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Top music industry expert speaks Sept. 27

By: Linda B. Glaser,  Cornell Chronicle
September 13, 2018

Numerous artists have been launched into chart-topping, award-winning careers by Mathew Knowles, including both his daughters, Beyoncé and Solange. On Thursday, Sept. 27, Knowles will discuss his first two books, “The DNA of Achievers” and “Racism From the Eyes of a Child,” in a panel at 4:30 p.m. in the Africana Studies and Research Center. A reception will follow. The event is free, and the public is invited.

In addition to Knowles, the panel will include Marla Frederick, professor of African and African-American studies and the study of religion at Harvard University, whose specialties include the study of religion and media, and the sustainability of black institutions in a “post-racial” world. Riché Richardson, Cornell associate professor of African-American literature, will also participate.

“As someone who cultivates artists who are universally admired by diverse audiences and who is deeply committed to humanitarian causes and social justice issues, Knowles has much to offer the Cornell community,” said Gerard Aching, professor of Africana and Romance studies in the College of Arts and Sciences, who will moderate the panel. “He is an extraordinary, world-class businessman, writer, educator and innovator, and I look forward to our community benefiting from his cutting edge-thought and expertise.”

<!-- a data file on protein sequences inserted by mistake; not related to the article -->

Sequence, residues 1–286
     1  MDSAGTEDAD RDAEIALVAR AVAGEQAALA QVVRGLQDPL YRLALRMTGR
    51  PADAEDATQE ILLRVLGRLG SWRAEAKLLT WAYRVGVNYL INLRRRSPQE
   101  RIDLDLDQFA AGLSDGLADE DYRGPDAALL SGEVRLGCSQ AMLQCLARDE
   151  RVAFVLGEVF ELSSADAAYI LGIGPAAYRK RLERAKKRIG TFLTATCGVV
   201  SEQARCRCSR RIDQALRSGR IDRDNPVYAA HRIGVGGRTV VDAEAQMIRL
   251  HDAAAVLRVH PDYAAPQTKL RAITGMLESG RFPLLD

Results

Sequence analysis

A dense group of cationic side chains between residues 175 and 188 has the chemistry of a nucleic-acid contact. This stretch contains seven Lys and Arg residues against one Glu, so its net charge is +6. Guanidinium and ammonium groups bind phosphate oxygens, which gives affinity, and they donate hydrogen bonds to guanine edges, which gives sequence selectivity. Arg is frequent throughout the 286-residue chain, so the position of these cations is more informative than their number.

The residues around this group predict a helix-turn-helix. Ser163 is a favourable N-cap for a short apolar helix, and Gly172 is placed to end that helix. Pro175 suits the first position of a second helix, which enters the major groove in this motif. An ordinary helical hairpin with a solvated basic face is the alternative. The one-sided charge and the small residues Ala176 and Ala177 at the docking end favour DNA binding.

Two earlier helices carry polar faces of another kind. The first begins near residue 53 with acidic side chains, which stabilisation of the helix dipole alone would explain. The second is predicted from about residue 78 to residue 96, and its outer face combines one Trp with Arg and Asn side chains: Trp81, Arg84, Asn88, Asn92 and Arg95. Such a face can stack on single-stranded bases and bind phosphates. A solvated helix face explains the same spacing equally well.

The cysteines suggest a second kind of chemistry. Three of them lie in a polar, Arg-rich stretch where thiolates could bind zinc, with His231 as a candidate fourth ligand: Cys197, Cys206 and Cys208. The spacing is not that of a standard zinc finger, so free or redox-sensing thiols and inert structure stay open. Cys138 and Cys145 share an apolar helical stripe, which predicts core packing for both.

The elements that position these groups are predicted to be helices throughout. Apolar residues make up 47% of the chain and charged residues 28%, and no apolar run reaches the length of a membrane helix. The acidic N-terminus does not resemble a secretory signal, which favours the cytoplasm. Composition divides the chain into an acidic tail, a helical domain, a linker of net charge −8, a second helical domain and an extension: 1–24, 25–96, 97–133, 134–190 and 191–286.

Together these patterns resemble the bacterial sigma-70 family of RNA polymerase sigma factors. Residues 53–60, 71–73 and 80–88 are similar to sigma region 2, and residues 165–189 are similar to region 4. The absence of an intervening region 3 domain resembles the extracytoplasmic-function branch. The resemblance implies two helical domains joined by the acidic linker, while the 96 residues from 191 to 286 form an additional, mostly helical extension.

Currently a professor at Texas Southern University, Knowles is founder, president and CEO of Music World Entertainment, a leading music and entertainment conglomerate with record sales exceeding $450 million worldwide. Regularly featured in popular media, he is renowned for his innovations as a top manager and entrepreneur in the music industry.

The panel is related to a course Richardson taught for the first time last fall, Beyoncé Nation, which drew nearly 70 students from across the university. The course was inspired by research Richardson did for a chapter in her forthcoming book, working title “Emancipation’s Daughter’s: Re-Imagining Black Femininity and the National Body Beyond Aunt Jemima.” Richardson is a leading figure in the growing interdisciplinary field of Beyoncé studies, Aching noted.

The event is co-sponsored by the Office of the Provost; the Departments of Communication, English, Music, and Performing and Media Arts; the American Studies Program; the College of Engineering; Cornell University Library’s Hip Hop Collection; the Africana Studies and Research Center; and the Society for the Humanities.

This article also appeared in the Cornell Chronicle